Wave climate variability is important for assessing coastal hazards and inform coastal planners of coastal adaptations needed. We wrote a paper on wave climate variability in the South West of Vanuatu to improve coastal hazard assessments in this region where monitoring data are often absent.
This paper was peer reviewed and also presented at the Australasian Coasts and Ports Conference in 2019 in Hobart. This conference brings together engineers, scientists, planners, academics and practitioners and stakeholders in the construction industry to focus on the present and future challenges of adapting communities to thrive in dynamic coastal environment.
This paper is an important contribution to a first pass coastal hazard assessment for Mele Bay and Erakor island which is important for coastal planning and to build resilience to extreme events and to future climate change scenarios. In the Small Island Developing States, data monitoring is often limited, and the quality of coastal hazards assessments can be compromised.
When data are missing, global hindcast models can be used for a first assessment of an area. The aim of this paper is to inform the development of resilience to natural hazards through an assessment of the wave climate and do a first assessment of flooding under extreme wave events in two key places, Mele Bay and Erakor Lagoon on Efate Island, Vanuatu.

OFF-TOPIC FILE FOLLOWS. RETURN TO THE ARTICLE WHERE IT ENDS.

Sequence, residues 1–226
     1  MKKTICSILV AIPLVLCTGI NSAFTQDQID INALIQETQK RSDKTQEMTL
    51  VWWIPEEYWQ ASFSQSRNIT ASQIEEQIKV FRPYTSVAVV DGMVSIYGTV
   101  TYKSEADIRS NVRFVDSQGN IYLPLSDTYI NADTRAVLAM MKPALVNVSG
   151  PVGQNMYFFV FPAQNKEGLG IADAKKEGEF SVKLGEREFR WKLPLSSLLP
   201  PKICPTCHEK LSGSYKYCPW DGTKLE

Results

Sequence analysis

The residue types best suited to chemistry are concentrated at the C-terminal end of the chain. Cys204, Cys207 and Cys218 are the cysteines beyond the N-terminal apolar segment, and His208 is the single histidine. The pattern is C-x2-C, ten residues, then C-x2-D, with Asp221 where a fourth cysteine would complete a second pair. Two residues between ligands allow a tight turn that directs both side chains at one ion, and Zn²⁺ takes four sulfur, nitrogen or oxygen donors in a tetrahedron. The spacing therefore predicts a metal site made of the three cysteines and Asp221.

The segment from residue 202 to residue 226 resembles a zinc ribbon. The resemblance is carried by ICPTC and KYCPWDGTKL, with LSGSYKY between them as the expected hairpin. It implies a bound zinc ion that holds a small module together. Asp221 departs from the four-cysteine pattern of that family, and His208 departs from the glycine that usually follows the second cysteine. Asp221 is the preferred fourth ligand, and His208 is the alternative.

This approach to wave climate assessment highlights the possibilities for improving the knowledge base for developing resilience to natural hazards despite the data availability constraints typical of SIDSSIDS Small Island Developing States are a distinct group of 38 UN Member States and 20 Non-UN Members/Associate Members of United Nations regional commissions that face unique social, economic and environmental vulnerabilities.. In this paper, wave data from WW3 Global model were analysed to understand the wave climate in the South West of Efate for the last 40-years (from 1979 to 2018). Decadal and seasonal trends are given for the significant wave height, the period, the direction and the wave energy. Potential relationship between climate variability such as El Niño/La Niña events and the wave climate variations is also investigated for future scenarios of impact assessment.
The extreme wave events are defined using the Peaks-Over-Threshold Method. Wave return periods are calculated with three different distributions (Weibull, Gumbel and Log-Normal models). The distribution models are compared in terms of inundation. The variation of wave climate is then discussed as well as the impacts to the shoreline.
Faivre, G., da Silva, G. V., Ware, D., Tomlinson, R., Mackey, B., & Zhang, H. (2019). Seasonal, extremes and wave climate variability of the Southwest of Efate Island, Vanuatu. In: Australasian Coasts and Ports 2019 Conference: Future directions from 40 [degrees] S and beyond, Hobart, 10-13 September 2019. Hobart: Engineers Australia, 2019: 381-387. Engineers Australia. https://search.informit.org/doi/10.3316/informit.797086948834205